A two-Paper Examination of Secure Body Attachment in the Prevention and Treatment of Eating Disorders
Social and Behavioral Sciences
Theory and Philosophy
ABSTRACT A TWO-PAPER EXAMINATION OF SECURE BODY ATTACHMENT IN THE PREVENTION AND TREATMENT OF EATING DISORDERS Author: Suzanne B. Daly, LCSW Supervisor: Marcia L. Martin, PhD These two papers seek to build the argument that the particular physical presence of the body is a significant aspect of the attachment relationship between two people, and, for the purposes of this theoretical-conceptual dissertation, most notably between two females. Since body dissatisfaction is increasingly normative for women today, maintaining a secure attachment to one’s body occurs against the grain of cultural practices that constrict, exploit, and separate women from their bodies/bodily needs. This makes it particularly challenging for women to feel good enough in their own skin/body, let alone serve as a good enough model for someone else. Thus, mothers and female clinicians alike need to have a blueprint on which to rely when they encounter a shared body experience with their female children/clients. The first paper will argue that without a model of secure attachment to the body, females are more likely to develop an attachment to cultural ideals as an extension of primary relationships and at the expense of their own bodies, moving them from exposure to action in the form of eating disorders. The second paper will expand on paper one by illustrating how the therapeutic relationship, through its responsiveness and consistency, can invite a type of reenactment of the proximity-seeking behavior that results in the creation of a "secure base," which can be used by the client to experience a sense of secure attachment and begin to shift the nature of her attachment to her own body.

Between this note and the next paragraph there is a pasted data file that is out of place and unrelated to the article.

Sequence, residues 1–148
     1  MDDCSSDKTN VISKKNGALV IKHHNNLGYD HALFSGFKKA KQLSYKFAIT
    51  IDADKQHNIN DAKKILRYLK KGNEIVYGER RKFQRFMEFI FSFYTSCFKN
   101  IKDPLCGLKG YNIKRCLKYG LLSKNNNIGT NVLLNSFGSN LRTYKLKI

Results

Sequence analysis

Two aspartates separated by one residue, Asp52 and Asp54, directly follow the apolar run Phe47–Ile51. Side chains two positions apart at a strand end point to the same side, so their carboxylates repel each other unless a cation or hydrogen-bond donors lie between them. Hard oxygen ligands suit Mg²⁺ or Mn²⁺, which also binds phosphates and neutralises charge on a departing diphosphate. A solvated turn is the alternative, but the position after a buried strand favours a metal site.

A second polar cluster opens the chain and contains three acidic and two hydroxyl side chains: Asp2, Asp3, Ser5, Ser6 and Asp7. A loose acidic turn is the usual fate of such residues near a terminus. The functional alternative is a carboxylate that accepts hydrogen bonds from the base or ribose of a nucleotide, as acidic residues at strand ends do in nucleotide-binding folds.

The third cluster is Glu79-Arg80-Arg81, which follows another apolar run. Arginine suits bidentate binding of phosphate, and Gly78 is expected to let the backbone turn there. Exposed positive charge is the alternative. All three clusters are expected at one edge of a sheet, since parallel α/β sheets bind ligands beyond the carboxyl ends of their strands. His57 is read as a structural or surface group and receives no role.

Robin Hornstein, PhD